Ebola: Has the World Health Organization lost it?

Experimental and unapproved drugs are to be allowed for widespread therapies in the infected areas in West Africa, where Ebola Virus Disease has caused over 1,000 victims since March, when the first cases were reported in the Republic of Guinea. Why now, five months later, does the WHO take such an unprecedented decision when there have been no travel restrictions imposed to date?

Ebola Virus Disease was first discovered in (then) Zaire, now DR Congo, in 1976 alongside the River Ebola. It is believed to be hosted in fruit bats which inhabit the densely forested areas where outbreaks begin, caused by the habit of eating bushmeat. Previous outbreaks have been caused by eating infected animals, such as chimpanzees, while the current one appears to have been caused by eating dried bats, a delicacy in that part of the Republic of Guinea and prepared precisely at that time of year (March).

The propagation of the virus then spreads among close family and friends and anyone coming into close contact with the patient, even touching the skin, during the time the patient is infectious, which means showing symptoms, this coming between two and 21 days after infection. However, male victims have the virus active in their semen for up to six to seven weeks. The symptoms include fever, sore throat, hiccups, difficulty swallowing, a rash, nausea, vomiting and diarrhea and in some cases, but not all, internal and external bleeding. Death follows closely after this.

Not all patients die: the mortality rate is up to 90 per cent, in the current outbreak it is oscillating between 50 and 60 per cent.

What happens?

The virus enters the body and the Ebola virus glycoprotein (GP) is synthesized; the replication of the virus is so rapid that it surpasses the defense mechanisms of the body as the virus targets the endothelial cells. The GP binds the virus to these cells by forming a trimeric complex which helps the virus to concentrate in the interior of blood vessels. The virus then uses white blood cells as a means to transport itself around the body after overwhelming the immune system, using them as piggy-backs taking it to the lymph nodes, liver, lungs and spleen, where it constricts the blood vessels, causing massive organ failure and sometimes hemorrhage. The cell damage is the result of the release of cytokines such as TNF-alpha, IL-6, IL-8 , the molecules which cause fever and inflammation.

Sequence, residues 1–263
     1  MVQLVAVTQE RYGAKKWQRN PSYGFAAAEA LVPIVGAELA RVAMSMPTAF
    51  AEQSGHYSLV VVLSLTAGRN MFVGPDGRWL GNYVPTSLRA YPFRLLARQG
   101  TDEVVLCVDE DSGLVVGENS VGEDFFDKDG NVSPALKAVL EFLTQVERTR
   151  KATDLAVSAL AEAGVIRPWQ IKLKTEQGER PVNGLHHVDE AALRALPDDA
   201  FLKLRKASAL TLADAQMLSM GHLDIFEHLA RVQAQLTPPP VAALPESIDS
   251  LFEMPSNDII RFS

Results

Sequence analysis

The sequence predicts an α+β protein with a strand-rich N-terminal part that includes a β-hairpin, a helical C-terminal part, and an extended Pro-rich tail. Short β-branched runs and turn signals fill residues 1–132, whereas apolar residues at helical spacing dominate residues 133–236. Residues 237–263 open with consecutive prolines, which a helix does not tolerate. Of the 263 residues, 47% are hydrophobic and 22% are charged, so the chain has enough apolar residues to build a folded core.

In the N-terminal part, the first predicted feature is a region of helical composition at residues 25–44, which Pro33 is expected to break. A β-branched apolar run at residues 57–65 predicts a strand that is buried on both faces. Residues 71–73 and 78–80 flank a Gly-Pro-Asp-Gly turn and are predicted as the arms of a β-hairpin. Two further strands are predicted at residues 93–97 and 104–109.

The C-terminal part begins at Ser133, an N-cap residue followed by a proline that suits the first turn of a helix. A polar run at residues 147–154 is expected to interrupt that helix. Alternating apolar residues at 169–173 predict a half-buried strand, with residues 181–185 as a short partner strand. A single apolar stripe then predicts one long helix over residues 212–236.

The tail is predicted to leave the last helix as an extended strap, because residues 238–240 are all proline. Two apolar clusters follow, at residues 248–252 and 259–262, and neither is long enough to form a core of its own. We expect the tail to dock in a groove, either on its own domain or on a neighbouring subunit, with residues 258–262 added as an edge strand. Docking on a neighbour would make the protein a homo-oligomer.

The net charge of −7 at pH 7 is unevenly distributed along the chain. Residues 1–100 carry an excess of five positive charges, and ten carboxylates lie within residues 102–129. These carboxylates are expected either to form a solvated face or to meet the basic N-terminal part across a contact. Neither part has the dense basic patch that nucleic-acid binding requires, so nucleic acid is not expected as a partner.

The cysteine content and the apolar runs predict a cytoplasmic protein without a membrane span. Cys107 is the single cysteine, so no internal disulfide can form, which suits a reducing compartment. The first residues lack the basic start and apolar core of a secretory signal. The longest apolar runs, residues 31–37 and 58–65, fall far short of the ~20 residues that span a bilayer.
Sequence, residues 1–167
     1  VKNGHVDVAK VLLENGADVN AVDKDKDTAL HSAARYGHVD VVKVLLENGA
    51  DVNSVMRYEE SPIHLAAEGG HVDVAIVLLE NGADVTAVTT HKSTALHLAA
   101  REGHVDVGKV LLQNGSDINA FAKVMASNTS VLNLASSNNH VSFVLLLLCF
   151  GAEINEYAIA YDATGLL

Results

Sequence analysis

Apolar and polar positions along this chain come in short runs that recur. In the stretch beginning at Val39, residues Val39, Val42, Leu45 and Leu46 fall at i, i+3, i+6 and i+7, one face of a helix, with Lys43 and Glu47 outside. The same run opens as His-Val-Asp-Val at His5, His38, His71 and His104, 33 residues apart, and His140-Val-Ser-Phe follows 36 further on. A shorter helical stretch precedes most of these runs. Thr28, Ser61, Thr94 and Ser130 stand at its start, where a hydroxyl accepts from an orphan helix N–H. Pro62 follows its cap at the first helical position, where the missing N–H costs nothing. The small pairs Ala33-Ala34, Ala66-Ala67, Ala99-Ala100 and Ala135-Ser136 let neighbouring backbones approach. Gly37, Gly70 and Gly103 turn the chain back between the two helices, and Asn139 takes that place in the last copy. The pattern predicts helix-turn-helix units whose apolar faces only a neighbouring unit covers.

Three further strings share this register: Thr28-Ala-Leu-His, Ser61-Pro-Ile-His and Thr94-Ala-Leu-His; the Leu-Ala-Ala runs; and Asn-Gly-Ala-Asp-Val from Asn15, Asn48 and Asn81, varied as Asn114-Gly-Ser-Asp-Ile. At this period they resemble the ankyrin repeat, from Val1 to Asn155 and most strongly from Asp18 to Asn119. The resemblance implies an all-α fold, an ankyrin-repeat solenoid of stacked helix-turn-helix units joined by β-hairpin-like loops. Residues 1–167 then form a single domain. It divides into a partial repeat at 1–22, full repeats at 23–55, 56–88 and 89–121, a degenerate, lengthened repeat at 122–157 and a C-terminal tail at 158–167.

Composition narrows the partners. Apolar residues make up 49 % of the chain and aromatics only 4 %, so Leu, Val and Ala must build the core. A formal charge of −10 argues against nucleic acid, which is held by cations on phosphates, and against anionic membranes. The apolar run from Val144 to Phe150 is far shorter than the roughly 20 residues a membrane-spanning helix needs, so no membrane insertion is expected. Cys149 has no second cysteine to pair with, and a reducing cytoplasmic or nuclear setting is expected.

These mechanisms are well known. So given the highly pathogenic nature of the disease and given its easy transmission, why haven't tried and tested medicines or vaccines been developed? Because it is endemic in subtropical and tropical rain forests in Africa? And do we need a global pandemic for some real action to be taken?

The WHO, a voyeur

We already saw during the so-called Swine Flu epidemic (a name quickly changed to protect the agro-industrial lobby) how the WHO operates, namely, as a voyeur. It identifies what is happening, then tracks the spread of the disease through the six phases from start to worldwide pandemic. True, the WHO sends healthcare workers and true, the WHO puts a lot of logistic equipment on the ground and in the field. KUDOS to those health workers who risk their lives trying to save lives.

We see the same cavalier and voyeuristic attitude in the recent outbreak of Ebola. If EVD exists, and has shown what it can do in numerous outbreaks, it is not beyond the realms of possibility that it can make not only a species jump, but also break out of its normal norms of transmission, which seems to have been the case with HIV/AIDS, from SIV (Simian Immuno-Deficiency Virus). Research Green Monkey Disease.

And who can guarantee that the new untested products put forward (albeit with the best possible motives, we hope) for therapy in the current EVD outbreak will not facilitate a species or transmission jump? And what about the already existing medications which have been tried and tested in other outbreaks?

Research: Statins, ACE inhibitors, Angiotensin receptor blockers, treatment blocking sepsis (which leads to the death of so many Ebola victims).

If the agro-industrial complex can pump chicken feed full of arsenic, then let chicken carcasses and "litter" (bones, skins and feces) be fed to pigs and cows, entering our food chain and rendering basically all the meat (and fish) we eat as being wholly suspect of being poisonous, then surely it can come up with a solution to the transmission devices used by EVD. For example, reducing the viral load, for example inhibiting the docking mechanism, for example blocking the reproduction mechanism...

And the World Health Organization could start applying some sensible measures such as isolating communities at the first sign of an outbreak, banning flights to and from the country, restricting internal travel and slapping a 22-day imposed holiday on the entire region (since the  incubation period ends after 21 days).

This, and an education campaign made a part of the compulsory syllabus of middle and secondary education programs in the areas where such viruses may appear, so that people will not react in a way which fosters the spread of the virus. One cannot blame communities for reacting in ways which appear totally at odds, when nobody has explained to them what is going on.

The bottom line is, has the WHO done enough since March to contain this outbreak? No it has not, because it has acted in a cavalier way and displayed an attitude which is totally inadequate.

Timothy Bancroft-Hinchey


([email protected])


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Author`s name Timothy Bancroft-Hinchey